“I was standing right next to the preacher that put it in there,” he said, matter-of-factly from behind his sunglasses. Gunderson spent more than 40 years on the road playing guitar. He keeps his hair long, though it’s white now, but he’s happy to be back to the place his family has called home for so long.

His great-great-grandfather was a founding member of the church. Sorlien’s grandfather was a church founder, too. Gus Evenson lived across the river and would come to church by boat when the road was flooded.

At the time construction started at the church site, a newspaper article touted the well-chosen spot. Despite high water in the spring, the church basement hadn’t flooded for 13 years, it said.

That didn’t remain the case. Members have become so used to sandbagging and making efforts to keep water out of the church that they put the piano on blocks and are ready to roll up the basement carpet when the time comes.

The year 1984 was particularly bad. The dam broke at Menno Lake about 6 miles upstream, and members worked quickly to lay sandbags around the church and keep the water from coming in the basement windows.

“That really put a raise in the river,” Curt Ulmer said.

Floods haven’t been quite as bad since then, but excess water remains a problem. When Pastor Theresa Jacobson first visited the church before she began her call there six years ago, she thought she was going to be serving a lakeside church.

“I had this picturesque scene of this little lake,” she said.

It turned out that parking lot was flooded that year and the scenic waters were not so welcome.

Pump organ

The pump organ at Our Saviors Lutheran Church near Menno, S.D., is decorated for Christmas. 

While the river can be a problem on occasion, it’s also been the site of fun church gatherings through the years.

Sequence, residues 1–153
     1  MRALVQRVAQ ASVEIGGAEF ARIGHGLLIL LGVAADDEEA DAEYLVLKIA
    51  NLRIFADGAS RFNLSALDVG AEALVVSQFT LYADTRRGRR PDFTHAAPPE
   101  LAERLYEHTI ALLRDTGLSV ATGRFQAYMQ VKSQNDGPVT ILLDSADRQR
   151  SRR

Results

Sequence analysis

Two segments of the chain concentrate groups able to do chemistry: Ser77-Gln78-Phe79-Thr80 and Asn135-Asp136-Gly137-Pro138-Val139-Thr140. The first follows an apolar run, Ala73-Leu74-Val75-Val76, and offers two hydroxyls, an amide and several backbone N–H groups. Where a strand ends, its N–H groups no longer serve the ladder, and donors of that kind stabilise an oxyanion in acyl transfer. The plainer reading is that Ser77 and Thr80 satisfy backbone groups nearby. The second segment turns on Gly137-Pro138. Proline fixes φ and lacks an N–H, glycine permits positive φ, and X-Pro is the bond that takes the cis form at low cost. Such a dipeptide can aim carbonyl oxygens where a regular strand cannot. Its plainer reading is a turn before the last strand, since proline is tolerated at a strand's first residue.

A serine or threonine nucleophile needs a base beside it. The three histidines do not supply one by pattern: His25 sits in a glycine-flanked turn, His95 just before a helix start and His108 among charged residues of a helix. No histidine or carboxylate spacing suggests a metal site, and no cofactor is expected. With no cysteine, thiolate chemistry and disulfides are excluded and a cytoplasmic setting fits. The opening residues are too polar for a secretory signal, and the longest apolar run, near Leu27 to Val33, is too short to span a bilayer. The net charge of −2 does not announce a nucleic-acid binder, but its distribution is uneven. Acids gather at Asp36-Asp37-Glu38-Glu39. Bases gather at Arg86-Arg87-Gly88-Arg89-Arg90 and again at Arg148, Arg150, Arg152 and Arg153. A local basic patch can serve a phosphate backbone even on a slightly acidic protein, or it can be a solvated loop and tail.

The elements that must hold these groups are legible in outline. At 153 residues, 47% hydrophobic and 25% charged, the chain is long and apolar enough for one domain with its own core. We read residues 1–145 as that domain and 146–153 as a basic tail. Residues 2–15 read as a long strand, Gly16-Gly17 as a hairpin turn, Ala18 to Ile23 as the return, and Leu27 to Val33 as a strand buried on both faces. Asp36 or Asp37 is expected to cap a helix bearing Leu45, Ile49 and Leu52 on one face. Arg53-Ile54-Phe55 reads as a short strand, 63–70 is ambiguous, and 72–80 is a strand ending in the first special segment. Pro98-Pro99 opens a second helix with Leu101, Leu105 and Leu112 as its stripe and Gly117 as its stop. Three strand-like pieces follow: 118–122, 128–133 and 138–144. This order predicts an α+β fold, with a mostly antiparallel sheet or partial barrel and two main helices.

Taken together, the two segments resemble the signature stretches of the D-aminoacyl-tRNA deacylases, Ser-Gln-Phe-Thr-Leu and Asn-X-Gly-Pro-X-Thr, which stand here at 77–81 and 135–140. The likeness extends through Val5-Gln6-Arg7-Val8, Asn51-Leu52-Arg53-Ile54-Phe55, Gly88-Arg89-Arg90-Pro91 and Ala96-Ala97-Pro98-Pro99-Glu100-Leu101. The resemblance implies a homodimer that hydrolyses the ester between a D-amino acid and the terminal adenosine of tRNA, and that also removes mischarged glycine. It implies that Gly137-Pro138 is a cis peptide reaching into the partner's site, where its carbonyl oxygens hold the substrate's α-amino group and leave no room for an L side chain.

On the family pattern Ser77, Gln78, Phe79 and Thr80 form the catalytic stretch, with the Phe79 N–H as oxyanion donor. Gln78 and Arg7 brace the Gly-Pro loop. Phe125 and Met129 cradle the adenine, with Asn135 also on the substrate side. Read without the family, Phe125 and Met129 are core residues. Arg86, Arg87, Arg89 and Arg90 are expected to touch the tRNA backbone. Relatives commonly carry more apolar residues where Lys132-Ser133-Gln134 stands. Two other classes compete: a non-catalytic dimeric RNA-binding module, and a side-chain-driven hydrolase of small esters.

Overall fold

Youth groups held ice skating parties and bonfires on the river in the 1950s. One family would skate down the river to attend.

Though Our Savior’s Lutheran no longer hosts Sunday School, youth programs are still important. All kids from the community are invited to three full days of Bible Fun Days in the summer, and older kids help put it on.

Father-son and mother-daughter luncheons were popular in the past. The men used to serve the women’s lunch, and the women would cook for the men. Traditional Norwegian lutefisk and lefse were served at the annual meeting.

“We ate a ton of lutefisk down here (in the basement),” Gunderson said.

A newer special event is held to start the Christmas season. On the first Saturday in December, the community is invited to an old fashioned Christmas service. Children dress up like the nativity, and adults are asked to wear old fashion dresses and suits.

The Christmas tree is decorated with gold and white Chrismons. The ornaments fashioned from tradition Christian symbols were made by ladies of the church in the 1950s.

Barb Ulmer plays the old pump organ for the special service, and the congregation sings Silent Night with a verse in Norwegian and a verse in German. Kids get a treat of peanuts and an apple.

It’s a nice way to kick off the Christmas season, and it’s a good reminder of why we celebrate Christmas, Pastor Jacobson said.

“It kind of sets the tone for everything,” she said.

The church fills with people from near and far. Visitors from as far as Sioux Falls and Beresford make a point to attend.

“They look forward to it every year,” Curt Ulmer said.

Jacobson is a pastor for both Our Savior’s and Grace Lutheran Church in Menno. The Stone Church hosts services Saturday nights and on Wednesdays during the summer. Having different options for attending services works well for worshipers who like to go away for the weekends.

Our Savior’s Lutheran has about 40 baptized members. The weekly gatherings for worship are small, but they feel just right for long-time members.

“It’s like a family gathering,” Barb Ulmer said.

Prayers on the Prairie is a regular feature of the Tri-State Neighbor, taking the places of the Crop Watchers report during the winter season. If you have a suggestion for a rural church to feature here, contact Editor Janelle Atyeo at 605-335-7300 or email